Draglade (DS) review
"As much as Draglade might sound like a cheap energy drink, itís actually a DS action-RPG that feels like a cross between Pokemon and Megaman Battle Network, with an element of music-and-rhythm thrown in for good measure."
As much as Draglade might sound like a cheap energy drink, itís actually a DS action-RPG that feels like a cross between Pokemon and Megaman Battle Network, with an element of music-and-rhythm thrown in for good measure. Itís a crazy combination that works surprisingly well, but relatively shallow mechanics and a lack of captivating storytelling drag it back down to earth.
The world is gripped by a sport known as grapping; combatants are pitted against each other to see not only who is the strongest, but who can create the funkier beats. Grappers fight with Ďgladesí, instruments that deal damage and naturally create music. Many youths aspire to become the best-of-the-best by reaching major grapper status, but the road to the top isnít easy. You choose one of four would-be major grappers on a quest to become the best in the world, but despite slightly differing story arcs, this choice doesnít make a great deal of difference in the long run.
The already-clichť story is triple-coated with anime goodness (or badness if anime styling isnít to your liking), but the real disappointment is the lack of any interesting goings-on. Non-player characters offer no interesting conversation and zero interaction, so thereís not a lot of incentive to keep up with the story. Compounding this is a relatively boring and lifeless game world: although the cityscape environments are colourful and well-crafted, there isnít much going on inside them. In addition to the static NPCs, the same repetitive tunes are croaked out of the DS speakers in almost every city. All in all, Draglade fails as an RPG in that it doesnít grip you with characters you can relate to or a story you can get lost in. But itís quite clear the main attraction is the creative cocktail of elements that comprise the battle system.
Dragladeís combat plays out in two-dimensional side-scrolling fashion, but there is a lot under the surface that isnít immediately apparent. The basics of combat include dishing out light and heavy attacks, blocking to reduce damage, and jumping to reach higher platforms. In addition to this, you collect bullets that allow you to use special moves in combat. Bullets come in varieties that inflict damage, heal your avatar, or supplement your attacks in some way. You can have three equipped at any one time in addition to three back-up bullets that you can switch between by using the touch screen. The diversity of effects you can get from certain combinations is great, but youíll find some are significantly more useful than others. The meter that determines how often you can use bullets regenerates automatically over time, and by scoring good combos with regular attacks, the regeneration gets quicker. As a result, the diverse range of bullets is somewhat wasted by a selection that are more powerful than the rest that you can use with almost the same frequency.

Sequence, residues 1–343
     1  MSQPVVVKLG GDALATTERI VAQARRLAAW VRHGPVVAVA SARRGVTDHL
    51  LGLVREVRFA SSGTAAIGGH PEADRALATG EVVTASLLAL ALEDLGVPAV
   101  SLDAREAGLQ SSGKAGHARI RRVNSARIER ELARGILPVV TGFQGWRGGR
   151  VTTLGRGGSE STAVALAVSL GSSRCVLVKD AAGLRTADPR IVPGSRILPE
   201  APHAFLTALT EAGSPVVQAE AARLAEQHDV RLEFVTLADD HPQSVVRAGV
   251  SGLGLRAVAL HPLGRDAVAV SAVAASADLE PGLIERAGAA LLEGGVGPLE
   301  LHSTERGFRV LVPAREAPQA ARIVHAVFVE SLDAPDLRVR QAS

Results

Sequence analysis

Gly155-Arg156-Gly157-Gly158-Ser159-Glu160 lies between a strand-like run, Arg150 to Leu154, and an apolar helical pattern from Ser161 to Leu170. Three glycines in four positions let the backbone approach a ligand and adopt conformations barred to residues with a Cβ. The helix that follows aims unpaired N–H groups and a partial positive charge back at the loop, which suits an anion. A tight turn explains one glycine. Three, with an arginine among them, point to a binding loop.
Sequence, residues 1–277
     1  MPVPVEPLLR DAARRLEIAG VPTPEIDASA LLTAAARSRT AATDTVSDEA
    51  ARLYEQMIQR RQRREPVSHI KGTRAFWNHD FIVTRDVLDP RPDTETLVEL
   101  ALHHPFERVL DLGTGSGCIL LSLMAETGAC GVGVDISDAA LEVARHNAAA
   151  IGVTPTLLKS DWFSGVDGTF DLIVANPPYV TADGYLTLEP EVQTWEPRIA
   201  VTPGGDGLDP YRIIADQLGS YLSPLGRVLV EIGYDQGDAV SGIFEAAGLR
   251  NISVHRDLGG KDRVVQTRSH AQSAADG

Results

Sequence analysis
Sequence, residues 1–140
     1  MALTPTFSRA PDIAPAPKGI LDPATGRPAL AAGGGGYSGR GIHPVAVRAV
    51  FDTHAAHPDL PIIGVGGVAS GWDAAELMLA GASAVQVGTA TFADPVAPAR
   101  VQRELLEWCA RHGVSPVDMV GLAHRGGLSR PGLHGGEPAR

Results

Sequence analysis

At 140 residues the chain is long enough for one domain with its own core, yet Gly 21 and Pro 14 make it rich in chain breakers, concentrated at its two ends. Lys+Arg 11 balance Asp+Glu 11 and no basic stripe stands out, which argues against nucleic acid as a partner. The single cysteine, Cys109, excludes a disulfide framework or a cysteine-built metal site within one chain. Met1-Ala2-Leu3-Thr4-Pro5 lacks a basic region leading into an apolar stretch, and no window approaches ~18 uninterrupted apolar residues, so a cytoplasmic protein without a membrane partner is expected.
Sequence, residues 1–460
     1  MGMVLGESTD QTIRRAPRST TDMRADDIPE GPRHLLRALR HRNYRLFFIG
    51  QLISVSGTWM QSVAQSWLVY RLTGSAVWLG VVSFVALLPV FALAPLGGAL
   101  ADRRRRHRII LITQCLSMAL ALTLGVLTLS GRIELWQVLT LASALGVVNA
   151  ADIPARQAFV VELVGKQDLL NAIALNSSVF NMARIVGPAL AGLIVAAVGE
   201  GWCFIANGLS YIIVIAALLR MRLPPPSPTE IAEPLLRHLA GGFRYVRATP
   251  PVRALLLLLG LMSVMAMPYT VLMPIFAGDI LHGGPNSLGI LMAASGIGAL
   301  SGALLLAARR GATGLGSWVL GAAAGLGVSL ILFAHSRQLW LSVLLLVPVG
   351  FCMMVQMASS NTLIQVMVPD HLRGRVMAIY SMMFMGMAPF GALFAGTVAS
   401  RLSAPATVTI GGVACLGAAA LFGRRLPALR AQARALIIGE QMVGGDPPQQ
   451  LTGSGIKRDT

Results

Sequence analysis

By far the most interesting part of combat is creating beat combos, which is where the rhythm game influence comes in. Hitting the L-trigger causes a horizontal meter to appear in the lower right corner; after initiating an attack, small nodes travel across the meter which you have to line up in time. If you pull it off right, youíll deal some good damage and make some music! Donít expect an extension of Guitar Hero here: itís strictly one-button and the timing is extremely generous. In fact, you can button mash for the majority and still complete the combo (but keep in mind that good timing is rewarded with a greater damage boost). The real fun is using the sequencer to create your own beat combos. After getting to grips with the intimidating combo builder, itís actually quite easy to create some good tunes. As well as forming the actual beat, you can change the tone and pitch of each hit to your heartís content. There are a lot of possibilities, and if youíre patient, you might be able to recreate the tunes of some your favourite songs.
After realising how bland the story side of Draglade is, getting stuck into the various aspects of combat is very refreshing. Customising your bullet setup and beat combos is by far the best part, and the collection aspect (which is what makes it similar to Pokemon and Megaman Battle Network) ties in well for the perfectionists who want to micro-manage every little detail. The main problem is the difficulty curve; you can get through most fights by hammering on the attack button and throwing in the occasional bullet and beat combo. Unless you make an effort to fight stylish (which isnít difficult due to the range of bullets and beats at your disposal), it can turn into a dissatisfying button-masher. Those of you who crave challenge can grap against the world on Wi-Fi, but at present, you wonít find a huge online community to challenge.
Itís great to see developers create something a little bit different, and Draglade is just that. Itís certainly an unrefined formula with a lot of rough edges, but the experimental combat system works well and is fun to play. If youíre looking for an involving adventure that will sweep you away, Draglade isnít for you. But if you want something thatís a tad innovative, and that doesnít require unflinching dedication to keep up with, it might very well be an investment worth making.
Freelance review by Paul Josua (April 28, 2008)
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